We’ve lost Treinen, Hudson, Vgon, Ferguson and Kahnle, all experienced high leverage guys. I, for one, do not want to throw some guy from Tulsa into their spot in the bullpen, especially guys who need to cut down on the walks they issue.

    The one exception for me might be Gavin Stone, who doesn’t walk many and has great numbers at Tulsa. But before I’d promote him all the way to L.A. I’d like to see how he does at OKC.

    If we hadn’t lost so many experienced guys, I’d be OK with trying some of the younger arms, but I don’t think we can afford to take chances at this point. I’d rather go out and see what it would cost us to get an experienced arm from a team who is out of the race, someone who has high leverage experience in the majors but isn’t a high end closer, so wouldn’t cost us a top 10 prospect. I’m thinking names like Sewald (Seattle), Bard (Colo), Robertson (Chicago) or a number of others who have high k/bb ratios and low WHIP numbers.

    I think we need to act on this now and not wait for the deadline. By the end of July, we might find ourselves in need of a closer or another high leverage guy and that’s when we spend our high end prospect capital if we have to.

    JMO. I know many of you agree with Tmax, but that’s why we all show up here and discuss things.

  3. Jeff, the Bauer appeal is still coming up. So the Dodgers do not know what the end result will be. The Dodgers are going to be careful about salary I would think. Also Gomes was in charge of the Farm Team before his promotion and was a pitcher I believe so probably has a good idea. Beeter and Knack both have great swing and miss potential although they do walk a lot of batters. Stone has the swing and miss & the control to throw strikes. I do understand they are at AA but there is a wave of young arms coming up that the Dodgers need to test under fire to see what they are made of and if they are trade bait or Dodgers material. The Dodgers are still in first place despite all their issues. They can try some of the young guys before the trade deadline to see how they do. Unfortunately it is a sellers market and AF hates buying high…Never a good idea.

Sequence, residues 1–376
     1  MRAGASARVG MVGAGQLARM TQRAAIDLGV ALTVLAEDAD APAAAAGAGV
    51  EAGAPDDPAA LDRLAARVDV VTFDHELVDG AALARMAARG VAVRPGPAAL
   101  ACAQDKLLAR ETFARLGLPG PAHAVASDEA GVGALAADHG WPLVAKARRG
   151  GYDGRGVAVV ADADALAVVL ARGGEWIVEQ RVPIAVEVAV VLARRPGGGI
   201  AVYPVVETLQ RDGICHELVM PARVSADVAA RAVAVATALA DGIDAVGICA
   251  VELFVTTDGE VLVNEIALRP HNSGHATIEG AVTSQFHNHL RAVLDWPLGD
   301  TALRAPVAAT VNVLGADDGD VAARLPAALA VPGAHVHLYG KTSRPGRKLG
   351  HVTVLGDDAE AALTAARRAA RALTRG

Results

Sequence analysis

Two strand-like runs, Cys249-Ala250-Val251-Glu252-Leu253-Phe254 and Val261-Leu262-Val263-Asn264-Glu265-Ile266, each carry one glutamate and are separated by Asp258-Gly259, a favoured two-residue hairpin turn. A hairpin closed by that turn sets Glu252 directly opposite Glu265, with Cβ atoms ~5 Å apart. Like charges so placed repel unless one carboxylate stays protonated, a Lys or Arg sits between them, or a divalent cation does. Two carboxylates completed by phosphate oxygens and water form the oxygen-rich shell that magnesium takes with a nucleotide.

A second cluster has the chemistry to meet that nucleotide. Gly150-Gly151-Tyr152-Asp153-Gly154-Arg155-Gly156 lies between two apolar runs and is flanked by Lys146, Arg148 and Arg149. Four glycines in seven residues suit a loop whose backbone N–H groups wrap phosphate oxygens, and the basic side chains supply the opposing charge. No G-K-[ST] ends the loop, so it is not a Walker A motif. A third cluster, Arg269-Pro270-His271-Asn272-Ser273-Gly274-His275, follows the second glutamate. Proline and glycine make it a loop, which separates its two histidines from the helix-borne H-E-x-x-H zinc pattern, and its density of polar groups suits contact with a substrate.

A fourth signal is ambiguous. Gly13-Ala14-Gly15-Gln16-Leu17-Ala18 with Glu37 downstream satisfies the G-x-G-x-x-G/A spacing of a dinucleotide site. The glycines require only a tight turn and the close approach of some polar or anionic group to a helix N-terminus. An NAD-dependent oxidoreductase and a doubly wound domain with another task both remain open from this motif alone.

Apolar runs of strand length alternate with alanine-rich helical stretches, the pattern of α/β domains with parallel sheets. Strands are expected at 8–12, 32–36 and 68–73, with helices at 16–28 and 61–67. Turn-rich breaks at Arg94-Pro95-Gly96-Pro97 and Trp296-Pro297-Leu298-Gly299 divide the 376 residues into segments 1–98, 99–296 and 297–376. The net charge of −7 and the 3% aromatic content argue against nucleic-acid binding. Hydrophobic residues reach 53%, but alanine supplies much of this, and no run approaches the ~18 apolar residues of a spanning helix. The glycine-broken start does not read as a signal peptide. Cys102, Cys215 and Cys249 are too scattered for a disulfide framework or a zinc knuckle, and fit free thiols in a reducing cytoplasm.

1. Tmax, I’m thinking of a guy like Scott Barlow of the Royals. Ironically, we’re the ones who originally drafted him.
      He’s been used in the 7th and 8th innings but has also saved games.
      His remaining salary for this year would be a little over one million, so AF isn’t going to worry about a number like that.
      And he’s got two years of control remaining after this year.
      Approximately 9k/9 innings, 3k/bb and a WHIP of just slightly over 1.0.

      I think someone like this, with MLB experience in high leverage situations is worth exploring, depending upon what the asking price would be.

      1. Looks like a solid pick up hopefully they will find someone that doesn’t cost them a prime prospect.

  4. I am sure AF is already hitting the phones checking on who is out there and for how much. If the price is right, go for it. If not, go with what we have as TMax stated. It would certainly be optimal if he can get someone right now. Teams may try to get more for what they have to offer thinking we are desperate.

    1. Makes sense to me that teams will wait. There will be more bidders in a few weeks.

      Graterol. Just look for something thigh high over the plate You’ll find it.

  5. Not sure what everyone thinks the cost will be for a good bullpen piece, but we don’t really have any top pitching prospects so it will probably cost a couple of the above named to secure a impact player and there will be a lot of teams bidding. AF will have to work his magic.